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M. G. Thomas, M. Araki, M. Crosier, L. Overman, S. Lindsay, I. Gottlob; Spatial and Temporal Expression Profile of FRMD7 in Neuronal Tissue Provides Clues for Pathogenesis and Treatment. Invest. Ophthalmol. Vis. Sci. 2010;51(13):2001.
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© ARVO (1962-2015); The Authors (2016-present)
To investigate the spatial and temporal expression profile of FRMD7 in developing human brain.
Human embryonic and fetal tissue sections were obtained from HDBR (Newcastle) at embryonic stages CS15 (~33dpc) to CS23 (~56dpc) and fetal stage 9 weeks post conception (wpc). For in-situ hybridisation (ISH) studies, sense and antisense probes were generated as we have described in (Tarpey, et al. 2006). Anti-FRMD7 antibodies (1:250, Atlas Antibodies) were used for immunohistochemistry (IHC) studies. Primary culture technique was used to culture postnatal day 1 rat cerebellum followed by immunofluorescence using anti-FRMD7 antibodies.
IHC results showed a migratory expression pattern in the developing cerebral cortex between stages CS15 - CS23. Initially the ventricular and subventricular zones (VZ and SVZ) showed strong expression followed by the intermediate zone (IZ) and the cortical plate. Similar results were reported from the ISH studies. At stages CS15, CS16 and CS19 strong hybridisation signals were detected in the trigeminal ganglion. However at 9 wpc IHC showed no expression in the trigeminal ganglion. Both medial and lateral ganglionic eminences (MGE and LGE) showed strong FRMD7 mRNA expression at CS20. Interestingly, at CS23 there was expression in the VZ of the cerebellar peduncle. Moreover, primary culture of rat cerebellum showed strong FRMD7 expression along the axons and dendrites of neuroblastic cells, particularly intensely in large presumable Purkinje cells, with no expression in glial cells.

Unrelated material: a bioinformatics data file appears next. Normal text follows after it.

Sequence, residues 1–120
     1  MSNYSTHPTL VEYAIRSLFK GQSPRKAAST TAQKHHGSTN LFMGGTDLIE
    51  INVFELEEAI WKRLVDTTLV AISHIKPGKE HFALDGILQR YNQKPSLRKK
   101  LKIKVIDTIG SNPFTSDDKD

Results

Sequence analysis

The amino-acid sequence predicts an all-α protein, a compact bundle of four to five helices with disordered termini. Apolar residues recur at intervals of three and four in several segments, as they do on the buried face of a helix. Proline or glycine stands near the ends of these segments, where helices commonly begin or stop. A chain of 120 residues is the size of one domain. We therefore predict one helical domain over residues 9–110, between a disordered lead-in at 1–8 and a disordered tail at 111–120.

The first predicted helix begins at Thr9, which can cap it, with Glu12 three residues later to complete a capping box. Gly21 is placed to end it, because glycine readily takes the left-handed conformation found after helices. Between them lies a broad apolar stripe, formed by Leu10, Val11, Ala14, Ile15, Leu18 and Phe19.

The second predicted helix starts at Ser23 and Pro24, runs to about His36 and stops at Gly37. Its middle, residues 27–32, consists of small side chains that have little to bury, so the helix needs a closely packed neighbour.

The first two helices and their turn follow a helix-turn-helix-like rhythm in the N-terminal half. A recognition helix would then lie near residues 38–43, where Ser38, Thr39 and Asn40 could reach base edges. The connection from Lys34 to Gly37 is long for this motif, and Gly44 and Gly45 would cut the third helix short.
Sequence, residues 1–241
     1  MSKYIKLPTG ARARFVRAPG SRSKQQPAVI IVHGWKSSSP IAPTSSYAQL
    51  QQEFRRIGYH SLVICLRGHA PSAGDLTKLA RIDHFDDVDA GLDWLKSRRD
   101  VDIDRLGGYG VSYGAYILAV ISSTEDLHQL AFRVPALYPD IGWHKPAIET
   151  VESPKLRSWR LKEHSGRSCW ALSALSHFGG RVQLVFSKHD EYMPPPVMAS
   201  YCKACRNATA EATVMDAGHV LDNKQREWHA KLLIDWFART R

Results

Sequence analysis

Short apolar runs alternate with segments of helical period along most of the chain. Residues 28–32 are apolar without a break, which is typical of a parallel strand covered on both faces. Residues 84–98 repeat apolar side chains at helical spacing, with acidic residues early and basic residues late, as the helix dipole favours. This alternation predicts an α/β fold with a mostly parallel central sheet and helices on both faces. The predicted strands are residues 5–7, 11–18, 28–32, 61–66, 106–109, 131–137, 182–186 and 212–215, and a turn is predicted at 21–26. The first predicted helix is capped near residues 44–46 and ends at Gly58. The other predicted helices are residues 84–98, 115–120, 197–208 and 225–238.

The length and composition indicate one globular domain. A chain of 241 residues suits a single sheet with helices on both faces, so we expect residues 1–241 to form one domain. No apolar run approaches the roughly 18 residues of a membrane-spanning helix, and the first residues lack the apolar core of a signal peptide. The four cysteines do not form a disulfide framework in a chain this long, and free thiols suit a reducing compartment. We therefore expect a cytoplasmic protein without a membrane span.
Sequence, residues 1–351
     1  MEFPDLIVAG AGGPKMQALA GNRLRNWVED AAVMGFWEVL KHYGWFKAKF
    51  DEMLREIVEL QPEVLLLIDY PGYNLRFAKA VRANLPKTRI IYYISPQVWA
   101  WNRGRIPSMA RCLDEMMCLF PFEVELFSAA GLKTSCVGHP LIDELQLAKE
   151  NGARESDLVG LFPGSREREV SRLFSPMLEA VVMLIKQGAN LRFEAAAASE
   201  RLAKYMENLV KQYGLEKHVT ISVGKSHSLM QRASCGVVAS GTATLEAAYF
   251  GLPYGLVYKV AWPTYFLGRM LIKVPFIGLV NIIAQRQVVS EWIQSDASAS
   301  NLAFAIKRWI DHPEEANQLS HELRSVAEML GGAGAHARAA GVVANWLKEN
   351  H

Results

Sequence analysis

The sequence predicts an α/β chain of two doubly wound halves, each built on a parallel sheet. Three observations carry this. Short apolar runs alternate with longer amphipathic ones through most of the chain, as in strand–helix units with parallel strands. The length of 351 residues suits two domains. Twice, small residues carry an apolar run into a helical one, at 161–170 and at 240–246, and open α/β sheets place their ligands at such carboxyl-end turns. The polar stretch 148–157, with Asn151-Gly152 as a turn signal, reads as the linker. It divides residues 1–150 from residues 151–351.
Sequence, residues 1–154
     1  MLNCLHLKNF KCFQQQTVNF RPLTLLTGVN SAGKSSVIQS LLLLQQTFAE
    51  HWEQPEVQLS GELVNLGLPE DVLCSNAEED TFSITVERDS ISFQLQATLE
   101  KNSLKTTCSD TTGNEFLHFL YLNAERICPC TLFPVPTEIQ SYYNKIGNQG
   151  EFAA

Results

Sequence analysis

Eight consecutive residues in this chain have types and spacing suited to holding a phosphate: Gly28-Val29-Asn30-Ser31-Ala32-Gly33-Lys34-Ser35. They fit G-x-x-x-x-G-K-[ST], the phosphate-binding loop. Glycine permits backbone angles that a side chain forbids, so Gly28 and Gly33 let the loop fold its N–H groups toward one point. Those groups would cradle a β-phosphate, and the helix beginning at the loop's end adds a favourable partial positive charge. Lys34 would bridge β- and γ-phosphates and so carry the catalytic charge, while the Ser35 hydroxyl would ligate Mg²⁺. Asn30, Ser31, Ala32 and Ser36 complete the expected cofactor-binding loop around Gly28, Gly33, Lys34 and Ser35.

This study highlights the specific oculomotor centres likely to be involved in FRMD7 related infantile nystagmus. Cerebellar involvement may suggest an unstable neural integrator in the patients with mutations. Trigeminal ganglion involvement may suggest the likely origin of a defective sensory signal (within the feedback loop) and how its disruption could be beneficial. Furthermore, MGE and LGE are sources of GABAergic neurons while, in humans, cortical VZ also contributes GABAergic neurons as well as glutamatergic neurons destined for the cortical anlage. This may help explain why treatment with gabapentin and memantine are helpful in these patients.
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